A flurry of blockbuster office-building sales in central Indiana last year has led to fewer mega-deals in 2006.
A $38 million sale of a Carmel office complex on Nov. 1, for example, was among the top five such transactions so far this year, but it paled in comparison to the nine-figure deals that won headlines in 2005.
That's to be expected, real estate observers say, since so much office inventory changed hands recently. And given the new persquare-foot highs set in 2005, last year's buyers likely will have to wait to become sellers.
"It's going to be very difficult for them to sell at increased prices over what they paid," said Sam Smith, CEO of locally based Resource Commercial Real Estate LLC. "I think that will slow investment sales over the next couple of years. Those buildings have to appreciate, their bottom line has to improve in order to sell them."
Big-bucks buyers are still circling, though, drawn by low interest rates and the potential for strong returns. Real estate observers say prices in second-tier markets like Indianapolis are more affordable than those in the nation's biggest cities.
California-based Argus Realty Investors LP bought the three-building Meridian Plaza office park in Carmel for $38 million. The 305,138-square-foot complex, northeast of the intersection of 103rd and Meridian streets, is the company's first foray into the local market. But Argus officials hope it's not the last.
"We think Indianapolis is one of the stronger Midwest markets," said Chief Investment Officer Paul Gaines. "It's a market that we'll continue to look in and hopefully find some more product to purchase."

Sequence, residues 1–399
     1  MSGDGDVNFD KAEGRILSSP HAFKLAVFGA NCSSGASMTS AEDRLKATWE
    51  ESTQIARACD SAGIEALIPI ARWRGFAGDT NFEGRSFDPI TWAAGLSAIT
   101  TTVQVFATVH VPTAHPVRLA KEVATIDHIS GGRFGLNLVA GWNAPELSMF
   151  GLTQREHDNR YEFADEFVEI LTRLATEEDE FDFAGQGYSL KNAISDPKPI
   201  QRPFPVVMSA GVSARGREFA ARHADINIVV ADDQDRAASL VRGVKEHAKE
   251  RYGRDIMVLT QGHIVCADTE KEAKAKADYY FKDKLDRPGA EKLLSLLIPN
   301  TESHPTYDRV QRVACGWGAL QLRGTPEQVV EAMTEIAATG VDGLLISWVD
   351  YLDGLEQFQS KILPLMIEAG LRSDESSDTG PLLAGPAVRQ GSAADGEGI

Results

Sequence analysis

About a dozen groups made offers on Meridian Plaza, which was sold through a bid process, said broker John Merrill, a senior vice president in the local office of Los Angeles-based CB Richard Ellis. Merrill represented the seller, Hartford, Conn.-based Talcott Realty Investors.
The $123-per-square-foot purchase price is typical for the upscale Carmel market, said Tom Hadley, a principal with locally based Summit Realty Group.
"The demographics of Carmel are just strong and it's a more desirable area," he said.
But with 40 percent of office buildings in the Indianapolis area changing hands in the last 18 months, Merrill said, there aren't many potential sellers left. As a result, he said, it will be difficult to match last year's total sales volume.
"The problem isn't the buyers. They're a dime a dozen," concurred Smith, the commercial broker. "The challenge is that there isn't a lot of investment property that hasn't traded hands in the past few years."
Even with fewer marquee deals, a bevy of smaller transactions might push the total value of this year's sales past 2005's total, said Janice Hawkins Paine, vice president of investment properties at locally based NAI Olympia Partners.
According to Paine, 25 transactions totaling $461.2 million closed in the first nine months of this year-just $64.5 million less than the $525.7 million generated by 21 office sales in all of 2005.
And that's not counting the Meridian Plaza deal.
"It's been an unbelievably active investment market again this year," Paine said. "It's tough to set  as the norm, but it looks like we could meet or exceed it in terms of pure activity."
Deals late in 2005 dominated the headlines based on their sheer size. In fact, office sales outpaced all other categories-retail, multifamily and industrial-to top IBJ's Big Deals list for 2005.
Locally based HDG Mansur wowed the market when it purchased the 1-millionsquare-foot Precedent Office Park just northeast of Interstate 465 and Keystone Avenue from Berwind Property Group for $143 million on behalf of a private investor. Berwind, in turn, bought six buildings at Keystone at the Crossing for $110 million.
And Wakefield, Mass.-based Franklin Street Properties set a new high-water mark for non-medical, Class A office space last year, paying more than $203 per square foot for One and Two River Crossing. The two buildings, totaling 210,000 square feet, are northeast of the Fashion Mall at Keystone, with visibility to I-465.
So far in 2006, apartment-complex sales are fetching the highest prices. Just one office sale has broken the $100 million mark: This summer, California-based Triple Net Properties paid $101 million for the two-building Anthem Blue Cross Blue Shield office complex at 220 Virginia Ave.